Aging Workforce an Economic Tsunami-in-Waiting

Canada is about to be hit by a demographic tsunami in slow motion, with profound and lasting effects on our economy and our society.

By Glen Hodgson, Special to the Vancouver Sun

We often joke that there are only two inevitable things in life: death and taxes. That may be true for us as individuals. But for societies and nations as a whole, the most inevitable and unstoppable force of all is demographics. The rate of population increase and the national age profile are critical drivers of economic growth — since demographics affect both the available workforce and consumer demand.

Canada is about to be hit by a demographic tsunami in slow motion, with profound and lasting effects on our economy and our society.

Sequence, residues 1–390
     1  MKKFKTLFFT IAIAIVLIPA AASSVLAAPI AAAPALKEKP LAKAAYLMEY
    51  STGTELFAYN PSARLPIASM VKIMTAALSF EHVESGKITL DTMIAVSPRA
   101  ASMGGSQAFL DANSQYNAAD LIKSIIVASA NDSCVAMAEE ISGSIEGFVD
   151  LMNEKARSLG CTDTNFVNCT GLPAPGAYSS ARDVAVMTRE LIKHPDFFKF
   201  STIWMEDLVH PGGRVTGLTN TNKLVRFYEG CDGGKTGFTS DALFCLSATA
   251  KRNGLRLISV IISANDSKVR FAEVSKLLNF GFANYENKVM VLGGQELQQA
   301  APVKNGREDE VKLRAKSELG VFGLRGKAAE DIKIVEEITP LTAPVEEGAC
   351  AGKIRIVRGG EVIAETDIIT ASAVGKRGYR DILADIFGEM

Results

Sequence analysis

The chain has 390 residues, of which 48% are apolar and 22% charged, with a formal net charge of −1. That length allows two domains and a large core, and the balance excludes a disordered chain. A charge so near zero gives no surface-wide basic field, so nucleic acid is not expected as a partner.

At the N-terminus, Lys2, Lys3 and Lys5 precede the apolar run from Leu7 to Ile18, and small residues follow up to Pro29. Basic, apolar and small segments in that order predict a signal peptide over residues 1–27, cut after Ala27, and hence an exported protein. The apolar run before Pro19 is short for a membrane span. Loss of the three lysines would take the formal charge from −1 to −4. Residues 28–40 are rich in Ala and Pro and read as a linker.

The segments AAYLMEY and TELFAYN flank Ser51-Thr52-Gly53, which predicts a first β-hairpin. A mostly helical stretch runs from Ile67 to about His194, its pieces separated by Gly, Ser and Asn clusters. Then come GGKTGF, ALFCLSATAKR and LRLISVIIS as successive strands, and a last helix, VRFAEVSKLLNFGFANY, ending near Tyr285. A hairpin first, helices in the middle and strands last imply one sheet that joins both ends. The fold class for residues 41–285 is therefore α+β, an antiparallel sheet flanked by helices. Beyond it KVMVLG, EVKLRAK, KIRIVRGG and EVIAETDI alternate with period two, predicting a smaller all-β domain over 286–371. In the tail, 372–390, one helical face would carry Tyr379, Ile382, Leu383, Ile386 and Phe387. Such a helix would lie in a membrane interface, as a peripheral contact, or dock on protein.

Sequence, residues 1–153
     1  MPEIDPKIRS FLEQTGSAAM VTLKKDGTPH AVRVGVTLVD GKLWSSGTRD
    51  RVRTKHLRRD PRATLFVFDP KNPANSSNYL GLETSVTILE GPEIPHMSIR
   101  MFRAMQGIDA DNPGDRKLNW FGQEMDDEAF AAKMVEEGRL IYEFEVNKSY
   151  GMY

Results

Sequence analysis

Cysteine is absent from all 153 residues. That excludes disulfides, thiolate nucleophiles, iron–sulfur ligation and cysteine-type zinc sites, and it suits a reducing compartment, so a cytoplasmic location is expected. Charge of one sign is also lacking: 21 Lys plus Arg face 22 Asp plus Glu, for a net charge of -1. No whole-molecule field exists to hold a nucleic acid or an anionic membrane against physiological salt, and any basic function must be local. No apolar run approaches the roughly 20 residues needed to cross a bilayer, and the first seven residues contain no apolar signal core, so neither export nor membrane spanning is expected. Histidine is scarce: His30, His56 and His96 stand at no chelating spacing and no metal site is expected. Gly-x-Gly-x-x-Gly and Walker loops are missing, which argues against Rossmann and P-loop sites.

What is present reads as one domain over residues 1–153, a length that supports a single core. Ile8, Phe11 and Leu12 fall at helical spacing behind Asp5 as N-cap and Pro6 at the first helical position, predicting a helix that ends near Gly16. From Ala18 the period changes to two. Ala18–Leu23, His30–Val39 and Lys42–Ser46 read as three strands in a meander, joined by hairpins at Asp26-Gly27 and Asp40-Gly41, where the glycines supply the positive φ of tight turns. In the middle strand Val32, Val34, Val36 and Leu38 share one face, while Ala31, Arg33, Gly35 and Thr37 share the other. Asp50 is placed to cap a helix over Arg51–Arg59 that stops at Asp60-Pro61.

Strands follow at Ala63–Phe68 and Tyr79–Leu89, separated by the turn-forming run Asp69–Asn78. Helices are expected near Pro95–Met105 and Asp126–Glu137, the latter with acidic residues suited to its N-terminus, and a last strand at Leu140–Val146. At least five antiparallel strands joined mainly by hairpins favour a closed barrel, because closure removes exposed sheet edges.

Among its many economic outlook products, the Conference Board of Canada produces a long-term forecast for the country and each province, to 2035, and we are considering producing a long-term forecast for major cities. Rather than focusing on demand for goods and services, the long-term forecast is based on estimating Canada’s capacity to supply goods and services. This is a “pure” forecast, in that it is driven by the fundamentals of demographics, capital investment and productivity growth, and beyond the medium term is unaffected by short-term risks or the economic cycle.

What does our long-term forecast for Canada say? It confirms that a slow-motion demographic tsunami is about to arrive. We expect that Canada’s underlying growth potential will begin to fade over the next few years, just as the growth potential of other aging industrial nations like Japan and Italy has slowed sharply in recent years.

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